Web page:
Thursday, April 12, 2012

Children's Biggest Heroes

Last week a friend of mine brought me a manuscript. She had written a story and entered it into a competition. She did not win and she wanted my opinion on how she could improve the story. I read the story. Her writing style, her voice was good and I encouraged her to keep writing. The story needed some editing, but not enough to completely turn off a judge. The story had a good plot,a climax, moving dialogue and so on and would probably have been a commendable if her target audience was an adult.

But it was not.

In her story, the main character's mom steps in and saves the day. She conquers the bully and
teaches all the children about why bulling is wrong. All the research and literature on children's books will tell you that children don't appreciate stories where the problems are solved by the all-powerful adult. Adults may guide and support, but the ultimate solution must come from the children themselves.

I have heard parents complain about modern children TV shows. In the popular ones, the children seem to go about their lives with little adult supervision. They make their own decisions, break rules and deal with the consequences on their own. Conscientious parents don't like it because (most of us won't admit this) the shows make them look over-bearing and over-protective. But the truth is that those shows are successful for the very reason we dislike them. Children want to watch TV shows and read books that take them away from their adult-dominated reality into a world where they can solve their own problems. Most children understand that this is fantasy but enjoy it nonetheless. They want to see themselves as heroes and creators of their own destiny.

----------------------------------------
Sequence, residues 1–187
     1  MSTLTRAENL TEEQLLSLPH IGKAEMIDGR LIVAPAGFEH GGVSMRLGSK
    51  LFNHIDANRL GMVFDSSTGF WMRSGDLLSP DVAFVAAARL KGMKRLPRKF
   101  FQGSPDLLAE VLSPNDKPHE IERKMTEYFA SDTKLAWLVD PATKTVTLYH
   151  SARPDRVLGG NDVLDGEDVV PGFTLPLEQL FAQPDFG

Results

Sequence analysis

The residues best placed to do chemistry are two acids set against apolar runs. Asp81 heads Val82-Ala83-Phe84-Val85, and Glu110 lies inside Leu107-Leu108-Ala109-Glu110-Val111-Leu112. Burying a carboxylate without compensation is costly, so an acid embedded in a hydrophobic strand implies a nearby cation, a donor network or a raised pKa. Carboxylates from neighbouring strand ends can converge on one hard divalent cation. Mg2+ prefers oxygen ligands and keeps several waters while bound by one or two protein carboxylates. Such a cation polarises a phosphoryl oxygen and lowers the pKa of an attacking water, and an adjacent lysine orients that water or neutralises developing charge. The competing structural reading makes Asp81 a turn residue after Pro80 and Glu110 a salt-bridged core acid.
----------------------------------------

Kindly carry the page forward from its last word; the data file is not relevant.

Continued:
So, if you are writing for children, don't make your adult self the hero, turn back the clock and imagine the tall buildings you could have leaped over when you were young.

As you read this, I will be exploring South Africa so please excuse me if my responses to any comments are a bit slow. See you again when I post on April 29.


William Doonan said...

Growing up, I loved Encyclopedia Brown for the reasons you mention. Kids solving crimes in a world where parents are part of the background - what kind of kid wouldn't want that?

Charles Gramlich said...

Excellent point. I hadn't really thought of it before but those were the kinds of books I wanted to read as a kid myself.

Liane Spicer said...

I'm trying to recall the books I loved as a child and yes, you're right. The children were autonomous. Parents were background figures, if they were featured at all.